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Beshear’s Decisions on Debates Draw Criticism

Kentucky Governor Steve Beshear’s re-election strategy is drawing increased criticism from political opponents and media outlets.

Both of the state’s major newspapers (Courier-Journal editoral, column; Herald-Leader) have written editorials slamming Beshear for skipping a KET debate on education. He has also declined an invitation to appear at an AARP forum. Recently, the governor changed his mind and skipped an event in west Louisville, where he won by a significant margin in 2007. He has also declined invitations to appear alone on WFPL and WHAS radio.

Beshear has a commanding lead in the polls over Republican David Williams and independent Gatewood Galbraith, and his strategy is common among frontrunners. But University of Louisville political science Professor Dewey Clayton says by not appearing, Beshear is denying voters important information.

“That’s one of the reasons why we have debates,” he says. “The public discourse allows citizens, in essence, to get the required information they need to make intelligent decisions, and not just negative campaign ads.”

Clayton adds that the strategy could be hurting the governor. Voters may not turn out on Election Day or may not support the governor if he wins re-election. It will also be difficult for him to claim a mandate if wins with low turnout or an unclear platform.

“The economy is in bad shape around the country. It’s in bad shape here in Kentucky. People are looking for the governor to lead,” says Clayton. “So when the governor will not attend forums, people automatically begin thinking, ‘Well this person has something to hide, or maybe I need to reassess what it is this person is wanting to put forward here.'”

Beshear has run two negative ads against Williams. A request for comment from the campaign was not returned. The governor will appear on another KET forum at the end of the month.

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Protest Seeks Answers from Washington Politicians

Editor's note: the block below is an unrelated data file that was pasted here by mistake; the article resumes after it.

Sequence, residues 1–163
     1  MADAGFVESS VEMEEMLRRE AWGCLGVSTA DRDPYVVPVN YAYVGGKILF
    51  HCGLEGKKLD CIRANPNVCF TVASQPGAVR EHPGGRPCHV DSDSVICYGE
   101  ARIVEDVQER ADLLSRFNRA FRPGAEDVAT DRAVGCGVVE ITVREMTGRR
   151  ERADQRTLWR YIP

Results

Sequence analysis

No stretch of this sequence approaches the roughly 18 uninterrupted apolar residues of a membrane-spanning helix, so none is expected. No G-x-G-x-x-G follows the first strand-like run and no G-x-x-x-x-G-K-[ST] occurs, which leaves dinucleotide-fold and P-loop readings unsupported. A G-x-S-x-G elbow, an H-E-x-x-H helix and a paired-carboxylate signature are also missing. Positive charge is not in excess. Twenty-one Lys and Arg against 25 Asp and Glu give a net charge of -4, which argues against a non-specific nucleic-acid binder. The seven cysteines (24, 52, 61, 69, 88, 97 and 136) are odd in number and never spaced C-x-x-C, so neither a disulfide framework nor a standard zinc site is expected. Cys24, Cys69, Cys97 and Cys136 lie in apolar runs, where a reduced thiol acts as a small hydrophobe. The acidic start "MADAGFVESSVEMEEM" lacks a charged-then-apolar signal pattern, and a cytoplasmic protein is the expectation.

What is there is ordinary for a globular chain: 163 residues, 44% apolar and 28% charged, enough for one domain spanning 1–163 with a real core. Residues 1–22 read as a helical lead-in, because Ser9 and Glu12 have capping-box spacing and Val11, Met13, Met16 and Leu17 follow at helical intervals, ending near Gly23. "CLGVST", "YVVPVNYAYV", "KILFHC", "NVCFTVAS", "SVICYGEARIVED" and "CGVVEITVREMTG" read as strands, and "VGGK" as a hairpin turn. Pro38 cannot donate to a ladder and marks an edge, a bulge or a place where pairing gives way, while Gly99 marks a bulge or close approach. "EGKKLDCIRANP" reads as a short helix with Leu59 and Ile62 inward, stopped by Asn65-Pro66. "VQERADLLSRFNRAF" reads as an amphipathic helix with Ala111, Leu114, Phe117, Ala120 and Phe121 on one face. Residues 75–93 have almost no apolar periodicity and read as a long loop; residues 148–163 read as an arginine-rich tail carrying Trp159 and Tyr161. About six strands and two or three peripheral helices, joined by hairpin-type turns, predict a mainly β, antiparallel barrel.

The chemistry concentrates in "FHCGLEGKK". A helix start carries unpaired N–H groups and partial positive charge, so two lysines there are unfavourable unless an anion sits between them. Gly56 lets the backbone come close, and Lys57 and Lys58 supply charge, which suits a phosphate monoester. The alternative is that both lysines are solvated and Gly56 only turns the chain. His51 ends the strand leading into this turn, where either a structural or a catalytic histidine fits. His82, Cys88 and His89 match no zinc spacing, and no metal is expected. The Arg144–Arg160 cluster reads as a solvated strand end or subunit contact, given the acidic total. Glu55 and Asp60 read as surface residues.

A protest was held outside the office building of Sen. Mitch McConnell (R-KY) on Friday. Protesters held signs and chanted and said they’re tired of Washington Politics.

“It’s not being able to communicate. Each party, there are three political parties right now, each party has a political corner and they will not agree to the other side. And who is suffering: the people,” said Larry Tomes, a retired sergeant major and Louisville resident.

Protesters wanted answers about what might happen if Congress can’t make a decision on how to prevent default by Aug. 2. Many were concerned that if the U.S. does default, payments for Social Security and Medicare will be compromised, but those payments are likely to be made, said Dewey Clayton, a political science professor at the University of Louisville. But some payments might be cut short, he said.

“It’s really sort of up in the air as to exactly, as far as some of those other concerns, who will receive payments and who won’t,” he said.

It’s difficult to say what state bills won’t be paid if the federal government runs out of money, he said. But Clayton expects Congress to make a deal before the nation reaches the debt ceiling on Tuesday. If it doesn’t, the question becomes how long can states hold out, he said.

Gov. Steve Beshear recently announced Kentucky has added almost $122 million to its rainy-day fund, making it better off than many states if a default occurs, said Clayton.